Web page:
* * *
Hello! The sun’s behind yon boyou! Still there old Weinerwurst? You’re scowling so I hardly know you— Where does it hurt the worst? The twilight’s peaceful; flies a-buzzing Are like the bombers droning home; A “coal-box” overhead’s a-rumbling, Thudding far, on too-high dome! No sound, now, waiting quiet’s breaking, It’s like twilight on the farm— (How still they’ll sit while son is speaking Of nights of stealth and daring charm.) Ah! The first star-shell goes a-soaring, Spits and fades and all is gray; On the left the nightly Hate’s beginning, The brawling batteries blaze away; When yonder stump’s no longer looming My Fritz and I will crawl, I’ll be the rover homeward coming With proof for stories tall. I’m glad, somehow, I’ve done no killing, This Hun’s a fighting sport, He’s game, this lad, and quite unwilling To be the Kamerady sort. Still, you! I’ll rub those ankles—the night Has blotted yonder stump! Steady!—I s’pose you think we kill you? Well, look before you jump! —CHRIST! LET GO!—he’s loose—he’s stalling— —At my throat with hands of steel! God! He’s strong!—the world is falling— The sky—the stars—they slip—a wheel! [page 49] WAIT! There’s our Lewis stabbing over— UP! Get up you! TAKE IT THEN!— (How still they’ll listen to their rover) —Add TWO to the Missing Men!
Behind the Hindering Wire
ALL down the hind’ring, fierce-meshed wire Pass tales by signaller’s key; “What’s doing in ‘Beer’ Comp’ny’s Sector?” —“He’s throwing a lot of H.E.” The rockets loop, like a shrine-light They gleam on the welter of blood; And eyes watch the lane that’s forbidden Where slinking things rise from the mud; Till the dawn comes shuddering over And shadows their startled take fright, The sentries are shivering, sodden, And numb from the vigil of night! “Stand To!” while sights are still useless ‘Long rims of the crazy piled bags; Where martyrs set softly to stamping And stretching and cursing wet fags; At last!—down the trench comes the chatter That paces the rum, bay to bay, And it’s soothing the bitter heart-cockles, And warming and cheering—‘tis Day! [page 50]
Feud of the Blue!
SPIN her, lads, till she sings her croon! Roll her out in the dawn-blurred moon! Tune her, lads, for we hop off soon! Tune her! Tune her! Tune her! Jealous, the sky-moored stars shall scowl As space we hurtle with a warning growl To riddle yon red-bellied foeman-cowl! Tune her! Tune her! Tune her! Thin wraith miles shall her motors scold As the flimsy floors of the void unfold To our rendezvous in the stabbing cold! Tune her! Tune her! Tune her! Roaring, the cloud-wisp tops our run; We wing straight East for the rising sun. Till steel death streams from our stuttering gun! Tune her! Tune her! Tune her! Shriek shall the wind in whinnying wires Till he flops to death, as the “Feet” admires —Yon black-crossed Knight of the gray-piled spires! Tune her! Tune her! Tune her! Out of the blue we’ll ‘dromeward drone When chattering death cuts our monotone And he split-air screams in his flaming throne! Tune her! Tune her! Tune her! Contact! Now! Stand clear of her bow! We take the roof at twenty-one thou’ To dive on his tail—‘tis our sky-man vow! CHOCKS OUT! CONTACT! NOW! [page 51]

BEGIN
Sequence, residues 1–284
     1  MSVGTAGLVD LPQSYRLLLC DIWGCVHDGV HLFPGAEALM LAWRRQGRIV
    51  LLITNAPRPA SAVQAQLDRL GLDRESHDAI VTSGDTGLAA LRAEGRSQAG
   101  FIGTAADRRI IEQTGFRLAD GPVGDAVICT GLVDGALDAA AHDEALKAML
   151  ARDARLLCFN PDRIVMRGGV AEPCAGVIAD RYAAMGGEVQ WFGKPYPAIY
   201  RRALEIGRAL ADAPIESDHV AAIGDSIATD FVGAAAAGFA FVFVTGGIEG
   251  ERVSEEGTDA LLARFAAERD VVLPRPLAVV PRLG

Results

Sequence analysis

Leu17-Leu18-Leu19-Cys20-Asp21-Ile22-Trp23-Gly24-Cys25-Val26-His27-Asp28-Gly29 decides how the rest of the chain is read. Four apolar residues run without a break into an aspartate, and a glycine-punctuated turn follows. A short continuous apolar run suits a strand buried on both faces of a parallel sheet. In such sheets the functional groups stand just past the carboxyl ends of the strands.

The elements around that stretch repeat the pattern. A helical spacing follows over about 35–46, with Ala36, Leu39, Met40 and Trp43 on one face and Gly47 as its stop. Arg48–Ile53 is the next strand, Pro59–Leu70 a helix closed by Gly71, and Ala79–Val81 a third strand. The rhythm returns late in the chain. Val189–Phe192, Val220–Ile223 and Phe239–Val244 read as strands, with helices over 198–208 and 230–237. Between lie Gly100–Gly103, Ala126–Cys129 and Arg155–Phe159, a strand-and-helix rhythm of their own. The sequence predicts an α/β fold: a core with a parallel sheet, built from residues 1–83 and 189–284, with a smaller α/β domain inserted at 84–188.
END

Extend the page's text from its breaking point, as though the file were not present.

….. I think I hear them singing, Singing altogether, A song on every breath! ‘Tis the spring-time, the gay time— On! Can’t you see them swinging? Swinging on to Glory? Swinging up to Death?
* * *
Oh! Hark to the brave old echoes that thrill when the dawn is still, And a phantom, ghostly company comes singing over the hill; ‘Tis the sloggers out with the morning, a-swing on the roads again; They’re singing along the cobbles and cheering the plains of pain! Oh! Hark to the drums a-throbbing, afar on the whimp’ring wind, As a muddy, weary column comes roaring along behind; ‘Tis the sloggers out with the morning, when the graves are wet with dew, Like tears of the fighters thrilling as The Regiment goes through! Oh! Hark to the careless chorus that forever shall lilt and run Down a laughing, chaffing column, unawed by the blooded gun; For comrades shall come with the morning, and the old, old songs they’ll sing Till the gaunt, lost legions rally the cross-lined roads shall ring! [page 52]
THERE’S a lad in the Gutter of Battle; Spot of cold dread in his heart; It’s spreading like ice as he crouches, Waiting the night-raiders’ start, Th sh-ush of a rocket goes streaking; Silence is dripping, chill, taut; The spurt of a “typewriter” chatters— Stillness that waits—are we caught? He clutches a knife and shillaly; Slime’s up his sleeve; on his face; He shivers, and fear that he’ll flunk it Numbs the dread-grip on his mace. —A dug out is blood-splotched and moaning; Death’s hovers, there, by the rack; A sob’s in the throat of the bearers; Dripping, the stretchers go back! The M.O. toils on ‘neath the candles; “Gee!” pants a boy’s crumpled chest: “We copped two of them funny Boche buggers— “Doc?—say Doc?—is it West?” [page 53]
The Flying Column
When trouble was frequent and men were few, a number of battalions were shuffled back and forth to the point where the trouble broke or threatened, and were known as the Flying Column.